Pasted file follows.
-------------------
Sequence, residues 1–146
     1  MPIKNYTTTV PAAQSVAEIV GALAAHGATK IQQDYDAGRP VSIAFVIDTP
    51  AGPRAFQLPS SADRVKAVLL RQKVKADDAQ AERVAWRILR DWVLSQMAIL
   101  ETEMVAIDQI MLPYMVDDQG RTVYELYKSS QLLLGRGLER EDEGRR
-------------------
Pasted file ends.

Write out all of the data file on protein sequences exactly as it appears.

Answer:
Sequence, residues 1–146
     1  MPIKNYTTTV PAAQSVAEIV GALAAHGATK IQQDYDAGRP VSIAFVIDTP
    51  AGPRAFQLPS SADRVKAVLL RQKVKADDAQ AERVAWRILR DWVLSQMAIL
   101  ETEMVAIDQI MLPYMVDDQG RTVYELYKSS QLLLGRGLER EDEGRR